Can Water Dissolve Geo-political Boundaries? Part 1

Water can dissolve material boundaries – well known

Water is known as universal ‘solvent’ as it can dissolve a lot of substances. This is a scientific fact but even if not very clearly realized, this scientific fact works subtly in our cultures and societies since prehistory. The whole idea of cleaning things by washing and letting the dirty water flow into streams or seas works on the idea that given sufficient ‘dissolution’ the ‘dirt’ will be rendered harmless. This is not untrue so to say, as it is easily understandable that when the concentration of a solute becomes negligibly low, the solution is considered effectively harmless and suitable for human use. For less scientifically oriented:

Solution = Solvent + Solute Read more >>

The Holy Grail Of Water Security

Water Security is a situation of reliable and secure access to water. When we project this definition on a national perspective things start to get really complex. Reliability of water source is dependent on few factors:

  • Population growth
  • Food production
  • Climatic change and variability
  • Land use
  • Water quality
  • Water demand
  • Sectoral resources and institutional capacity
  • Poverty and economic policy
  • Legislation and water resource management
  • International waters
  • Sectoral professional capacity
  • Political realities
  • Sociological issues Read more >>

Climate Change And Future Of Technology

“There can be no absolute reality, there can be no absolute truth”.                                  -Kevin Warwick

While we discuss the Climate Change mitigation through economic, social and political options available to us and also on being innovative to embrace a new life-style to lower our carbon foot-prints, technology, or more accurately low emission technology becomes one important aspect of that discussion. I do not personally feel that a blind faith on a technological ‘cure’ of Climate Change is wise, but science and technology have always remained one great window of human ingenuity and they can certainly come handy for effectively combating Climate Change. Read more >>

Why Occupy Wall Street When Your Life Is Not Yours Really?

About three years ago, when I was writing on Climate Change in THINK ABOUT IT platform run by European Journalism Center, I tried to address the waste problem of our consumer society by proposing ‘ want not, waste not’ . An interesting discourse followed, I could sense few skeptic grins and few eye-brows up in curves – but there were few who also saw my rationale. Sometimes you know the truth but you prefer not to confront it, because that’s not fashionable or politically correct. I love to be guileless. Read more >>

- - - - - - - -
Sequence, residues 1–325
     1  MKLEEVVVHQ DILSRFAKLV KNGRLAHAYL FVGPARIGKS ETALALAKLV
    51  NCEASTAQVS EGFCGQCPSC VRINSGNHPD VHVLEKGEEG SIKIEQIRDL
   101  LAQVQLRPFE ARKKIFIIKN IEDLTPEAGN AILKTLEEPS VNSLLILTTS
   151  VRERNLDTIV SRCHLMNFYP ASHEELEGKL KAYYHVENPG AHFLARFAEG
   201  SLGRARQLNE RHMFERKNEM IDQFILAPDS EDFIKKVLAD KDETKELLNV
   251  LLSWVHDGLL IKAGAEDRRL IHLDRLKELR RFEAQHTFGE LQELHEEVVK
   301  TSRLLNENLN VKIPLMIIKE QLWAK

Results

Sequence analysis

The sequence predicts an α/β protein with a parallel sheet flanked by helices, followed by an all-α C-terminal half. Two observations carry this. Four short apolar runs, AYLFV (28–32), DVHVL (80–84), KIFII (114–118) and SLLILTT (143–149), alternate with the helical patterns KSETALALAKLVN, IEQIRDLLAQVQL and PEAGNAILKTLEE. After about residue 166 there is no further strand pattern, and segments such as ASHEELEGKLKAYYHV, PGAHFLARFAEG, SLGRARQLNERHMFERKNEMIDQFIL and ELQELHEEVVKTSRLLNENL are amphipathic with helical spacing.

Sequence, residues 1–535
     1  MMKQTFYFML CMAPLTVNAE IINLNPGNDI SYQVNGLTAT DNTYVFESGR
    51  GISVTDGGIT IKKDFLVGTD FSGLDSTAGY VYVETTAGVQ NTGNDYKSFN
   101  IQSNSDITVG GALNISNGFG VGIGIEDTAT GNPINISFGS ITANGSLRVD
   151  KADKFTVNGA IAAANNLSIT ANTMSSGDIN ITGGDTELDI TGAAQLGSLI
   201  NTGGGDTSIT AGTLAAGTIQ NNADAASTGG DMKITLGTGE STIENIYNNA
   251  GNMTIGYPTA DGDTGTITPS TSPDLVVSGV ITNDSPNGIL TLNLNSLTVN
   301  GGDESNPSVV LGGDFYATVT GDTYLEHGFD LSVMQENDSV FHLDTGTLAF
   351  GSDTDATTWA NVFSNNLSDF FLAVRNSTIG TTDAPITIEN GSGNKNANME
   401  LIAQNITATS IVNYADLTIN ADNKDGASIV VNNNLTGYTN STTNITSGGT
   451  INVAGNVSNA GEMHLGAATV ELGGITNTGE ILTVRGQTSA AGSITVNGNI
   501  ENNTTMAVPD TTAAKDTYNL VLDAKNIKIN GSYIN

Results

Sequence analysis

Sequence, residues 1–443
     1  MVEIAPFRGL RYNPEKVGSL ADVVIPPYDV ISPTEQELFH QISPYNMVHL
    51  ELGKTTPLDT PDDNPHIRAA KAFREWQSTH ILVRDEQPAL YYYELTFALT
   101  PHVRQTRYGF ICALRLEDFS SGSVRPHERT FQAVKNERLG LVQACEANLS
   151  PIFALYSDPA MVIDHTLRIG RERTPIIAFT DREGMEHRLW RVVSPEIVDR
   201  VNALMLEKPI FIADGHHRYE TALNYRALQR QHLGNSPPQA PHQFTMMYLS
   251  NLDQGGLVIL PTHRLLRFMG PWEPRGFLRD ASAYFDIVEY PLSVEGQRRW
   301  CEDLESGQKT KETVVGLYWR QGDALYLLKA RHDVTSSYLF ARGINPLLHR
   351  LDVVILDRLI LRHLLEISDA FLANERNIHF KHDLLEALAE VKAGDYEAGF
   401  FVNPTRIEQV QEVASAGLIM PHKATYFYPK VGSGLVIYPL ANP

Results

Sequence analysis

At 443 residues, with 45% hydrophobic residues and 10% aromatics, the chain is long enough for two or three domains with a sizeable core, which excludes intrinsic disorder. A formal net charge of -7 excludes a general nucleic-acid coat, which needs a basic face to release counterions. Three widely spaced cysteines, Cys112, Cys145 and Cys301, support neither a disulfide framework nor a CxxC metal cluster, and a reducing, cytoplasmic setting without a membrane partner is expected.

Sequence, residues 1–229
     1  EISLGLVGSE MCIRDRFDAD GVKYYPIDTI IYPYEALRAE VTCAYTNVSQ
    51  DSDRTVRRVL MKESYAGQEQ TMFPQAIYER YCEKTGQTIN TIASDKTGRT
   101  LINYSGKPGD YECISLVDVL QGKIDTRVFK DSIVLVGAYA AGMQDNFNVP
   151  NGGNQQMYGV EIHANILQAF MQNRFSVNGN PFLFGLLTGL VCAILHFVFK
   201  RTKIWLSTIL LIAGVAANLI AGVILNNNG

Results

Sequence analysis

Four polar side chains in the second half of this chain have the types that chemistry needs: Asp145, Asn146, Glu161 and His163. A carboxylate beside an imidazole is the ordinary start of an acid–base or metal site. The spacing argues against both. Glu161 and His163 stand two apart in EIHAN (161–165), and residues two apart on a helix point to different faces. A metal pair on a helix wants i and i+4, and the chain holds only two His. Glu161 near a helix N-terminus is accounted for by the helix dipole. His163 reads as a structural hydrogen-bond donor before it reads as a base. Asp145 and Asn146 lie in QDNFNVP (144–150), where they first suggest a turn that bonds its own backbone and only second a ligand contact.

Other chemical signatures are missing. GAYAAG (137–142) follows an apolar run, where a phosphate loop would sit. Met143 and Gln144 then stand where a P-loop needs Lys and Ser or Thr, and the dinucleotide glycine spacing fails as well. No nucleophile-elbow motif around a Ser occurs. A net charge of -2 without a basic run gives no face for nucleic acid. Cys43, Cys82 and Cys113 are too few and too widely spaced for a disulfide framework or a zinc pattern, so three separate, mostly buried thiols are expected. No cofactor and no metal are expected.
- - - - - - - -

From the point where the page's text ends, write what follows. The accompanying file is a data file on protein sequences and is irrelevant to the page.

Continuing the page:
Consumption Ethics – A Utopia?

As questions are coming up increasingly regarding the constraints of Growth in a world of finite resources, there should now be some ethical limits of personal consumption. The consumer economy feeds on popular demand, sometimes the demand seems to be ‘manufactured’ (bottled water industry) and incredible choice of consumption that encourages one to consume without almost no sense of reasonability. In the past, I had a brief stint with TED Conversations and I pitched this idea to see what reaction it could possibly bring. There were not many reactions, everyone who chose not to challenge the idea preferred to circumvent the crux of the issue – a voluntary resignation from the consumer race. Perhaps the most honest sounding comment came from Simona Stoicesescu (yes I am not misspelling the last name) where she asked: ‘Why cannot everybody be wealthy? It is not limited stock. We are creating value. Wealth can be used to create jobs for people, meaning, chances for discoveries, solutions for bigger problems, wealth is good.’ While I disagreed with Simona, I would complement her with honest engagement with the question, though the connotations of wealth she was using was very different from what I was putting on debate. Another TEDster, Anshul Pandey discarded my idea (of a consumption ethic) as ‘Utopian’. Read more >>

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All opinions are solely those of the author. Reader's discretion necessary for using any of the contents of this website. (c) Pabitra Mukhopadhyay 2011